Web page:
Shop owner:         “Unfortunately we only received this style in red, but can I show you a bag that is very similar to the Cleo, which we have in two shades of green. Perhaps it would suit your purposes? What is it that you are looking for in a bag – is it all about colour or did you need it to fulfil more of a specific purpose for you?”

Customer:             “I have this particular outfit and I have been looking everywhere for a bag to match. I have a bag at home, it’s the right colour but it’s huge and everything tends to fall down in the middle of the bag and I cannot find things easily or quickly. I keep losing my car keys in there.”

Take action

The shop owner takes the customer to the Chloe, a bag in a very similar style to the Cleo and hands it to her. The customer picks the bag up like before, and runs her hands over the mock crocodile leather outer. She opens the bag and checks inside and smiles.

Owner:                  “The main difference between the two bags is that the Chloe has two extra zip pockets inside for all those little items like your keys, that often get lost in these carry all style bags. I hate it when I arrive home at night and spend ages looking for my house keys. I feel so vulnerable scratching around in the dark and I forget to do it before leaving for the trip home. With these compartments things are easy and quick to find. It just makes things so much neater.”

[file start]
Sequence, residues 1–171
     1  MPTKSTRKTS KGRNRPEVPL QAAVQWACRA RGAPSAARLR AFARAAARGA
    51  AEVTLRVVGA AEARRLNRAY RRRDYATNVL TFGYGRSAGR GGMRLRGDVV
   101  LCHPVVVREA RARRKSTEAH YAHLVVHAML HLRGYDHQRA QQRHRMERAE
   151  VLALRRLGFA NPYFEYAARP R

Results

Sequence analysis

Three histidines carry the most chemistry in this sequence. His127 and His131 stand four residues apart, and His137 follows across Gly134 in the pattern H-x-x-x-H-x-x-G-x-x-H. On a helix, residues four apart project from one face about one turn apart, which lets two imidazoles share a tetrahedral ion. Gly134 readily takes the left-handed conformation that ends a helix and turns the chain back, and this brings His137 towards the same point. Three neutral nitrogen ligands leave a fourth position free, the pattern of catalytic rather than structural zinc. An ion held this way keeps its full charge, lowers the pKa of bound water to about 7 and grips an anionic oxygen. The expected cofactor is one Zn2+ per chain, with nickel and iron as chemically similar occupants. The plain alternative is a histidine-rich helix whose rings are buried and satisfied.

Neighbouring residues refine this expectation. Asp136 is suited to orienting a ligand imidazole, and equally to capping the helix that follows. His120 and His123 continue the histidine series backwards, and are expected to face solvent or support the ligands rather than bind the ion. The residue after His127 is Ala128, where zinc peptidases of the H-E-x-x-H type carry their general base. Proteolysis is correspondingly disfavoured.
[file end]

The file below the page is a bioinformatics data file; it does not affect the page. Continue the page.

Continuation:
Customer:             “This is exactly what I’ve been looking for! I think the darker green will go better with my outfit. I have this thing about matching the colour of my bag and my outfit. All those pockets will be perfect as I can separate everything I need and will be able to find them quickly! Thank you so much, I will take it!”

It is so easy to make a difference through your interactions, to engage your customers and to really hear what they are really saying when they give you feedback.

Some quick and easy ways to learn more about your customers needs and wants:

1. Ask them what they want – Rather than making an assumption, try asking your customer what they want. If you have it, tell them. If you don’t tell them you will see if it is possible to get it and then do your best and communicate your progress with them regularly.

2. When your customer complains listen to the complaint and take action – take time to honestly assess what your customer has complained about. Don’t take it as a personal attack – use it as a learning tool going forward.

3. When your customer compliments you listen to the compliment and take action – thank them and use it as a learning experience